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22 Oct 2014

Notes of Silence

If there is one thing that modern people are surrounded by, it’s music. Radio for the car (if you’re not plugging your phone into the speakers), streaming services for home and office, music piped through coffee shops and shopping centers – it’s not that difficult to live with a steady diet of music. In my own experience, spending the last month and a half in the middle of nowhere highlighted just how much music I

Jeff Reid 0
21 Oct 2014

Pagan Christianity?

You occasionally hear it from the talking heads or on the History Channel. Maybe you notice an article about it on your newsfeed. Or catch the random title while browsing Amazon or Barnes and Nobles. Pagan Christianity: What you do on Sundays is really from Ancient Egypt, Imperial Rome, or Royal Greece and certainly is not real Christian worship. Maybe you listen for a few seconds, start to read that article, or read the back

Jacob Prahlow 11
Dante
20 Oct 2014

Dante: Poet or Mystic?

In my previous article I discussed medieval mysticism and some of the many factors surrounding its rise, including an increased literacy among lay people and the booming presence of vernacular languages in literature. When considering late medieval literacy and the rise of vernacular literature, the beloved poet Dante Alighieri is one of the most renowned and remarkable examples. His Divina Commedia journeys through hell (Inferno), purgatory (Purgatorio), and heaven (Paradiso). Dante is known now as

Laura Norris 1
17 Oct 2014

Leadership Lessons | Book Review

In Leadership Lessons: Avoiding the Pitfalls of King Saul (Thomas Nelson, 2013), Ralph K. Hawkins and Richard Leslie Parrott outline ten principles for leadership building from the life and failures of King Saul of Israel. Leadership Lessons uses the “worst practices” model of instruction, learning through the examination of the failures of others, much in the model of Gary McIntosh and Samuel Rima’s classic Overcoming the Dark Side of Leadership. Beginning with an explanation of

Jacob Prahlow 0
16 Oct 2014

Rise Up in Christ

Our life in Christ is a life of freedom and love; and because it is, we must choose this life. Not just once, but continually. This Gospel is so simple and straight forward that it becomes problematic. The Author of life encounters death and the outcome is exactly what we expect. We understand immediately what the Church is trying to teach us. We see a prefiguring of Pascha. We see that death has been overthrown;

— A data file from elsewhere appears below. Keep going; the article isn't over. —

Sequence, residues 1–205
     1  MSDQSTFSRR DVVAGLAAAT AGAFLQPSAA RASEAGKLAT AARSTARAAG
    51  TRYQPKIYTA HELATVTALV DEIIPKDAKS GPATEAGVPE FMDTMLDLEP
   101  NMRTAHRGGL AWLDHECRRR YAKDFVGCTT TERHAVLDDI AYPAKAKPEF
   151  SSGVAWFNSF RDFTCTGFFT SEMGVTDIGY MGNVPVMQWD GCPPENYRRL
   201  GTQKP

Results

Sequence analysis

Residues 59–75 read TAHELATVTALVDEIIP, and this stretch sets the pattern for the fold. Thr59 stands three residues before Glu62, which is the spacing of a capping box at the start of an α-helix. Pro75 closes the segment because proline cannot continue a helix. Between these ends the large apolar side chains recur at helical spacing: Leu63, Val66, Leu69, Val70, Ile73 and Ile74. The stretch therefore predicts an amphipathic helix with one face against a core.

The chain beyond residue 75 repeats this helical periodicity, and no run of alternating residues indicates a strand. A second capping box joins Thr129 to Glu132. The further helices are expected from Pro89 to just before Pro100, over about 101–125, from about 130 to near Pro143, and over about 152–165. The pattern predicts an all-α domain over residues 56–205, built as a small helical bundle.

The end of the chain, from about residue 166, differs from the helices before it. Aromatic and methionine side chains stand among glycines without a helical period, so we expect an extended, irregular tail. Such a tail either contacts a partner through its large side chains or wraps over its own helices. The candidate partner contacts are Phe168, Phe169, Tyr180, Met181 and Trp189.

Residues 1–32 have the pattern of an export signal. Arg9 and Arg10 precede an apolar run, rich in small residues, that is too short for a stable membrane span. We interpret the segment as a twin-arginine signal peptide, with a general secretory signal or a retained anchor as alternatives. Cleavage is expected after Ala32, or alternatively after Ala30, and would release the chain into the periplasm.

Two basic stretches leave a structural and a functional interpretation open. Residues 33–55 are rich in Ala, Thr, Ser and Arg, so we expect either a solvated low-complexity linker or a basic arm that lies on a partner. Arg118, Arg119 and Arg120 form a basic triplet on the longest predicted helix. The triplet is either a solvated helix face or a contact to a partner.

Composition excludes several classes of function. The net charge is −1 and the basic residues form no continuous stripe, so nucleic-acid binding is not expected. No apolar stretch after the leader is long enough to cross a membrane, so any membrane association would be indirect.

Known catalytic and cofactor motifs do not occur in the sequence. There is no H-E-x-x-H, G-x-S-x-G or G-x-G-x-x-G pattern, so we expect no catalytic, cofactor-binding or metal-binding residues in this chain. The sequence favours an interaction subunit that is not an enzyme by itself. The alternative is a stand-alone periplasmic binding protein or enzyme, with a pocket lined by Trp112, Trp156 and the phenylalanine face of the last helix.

Fr Gregory Owen 1
15 Oct 2014

Whatever is Lovely

Art is a beautiful thing, and the ability to produce it is a wonderful gift from God. Whether it takes the form of music, the written word, hand crafted images, or even a film, a well-crafted piece of art can serve as an excellent manifestation of God’s good creation and the potential beauty of our world. However, the sinful nature of mankind frequently distorts and abuses the gift of art, as it has done with

Nicholai Stuckwisch 1
14 Oct 2014

“For to Such Belongs the Kingdom of Heaven”

“Then children were brought to him that he might lay his hands on them and pray. The disciples rebuked the people, but Jesus said, “Let the little children come to me and do not hinder them, for to such belongs the kingdom of heaven.” And he laid his hands on them and went away.” (Matthew 19: 13-15)1   About once a quarter, Pastor John, a towering figure with grey hair and rosy cheeks, corners my

Chris Casberg 0
13 Oct 2014

Left Behind Theology and Atheism: Two Sides of the Same Coin

Over the past week or so, the Christian blogosphere has lit up with discussion of the new Left Behind film. Plugged In gave the film 4/5 stars, claiming it will force you to “wonder what’s up with your own spiritual condition.”1 Christianity Today, by contrast, called it “garbage, slapped with the Christian label on it,” and “a disaster flick injected with the slightest, most infinitesimal amount of Christianity possible.” 2 The Gospel Coalition argues the theology undergirding

George Aldhizer 10
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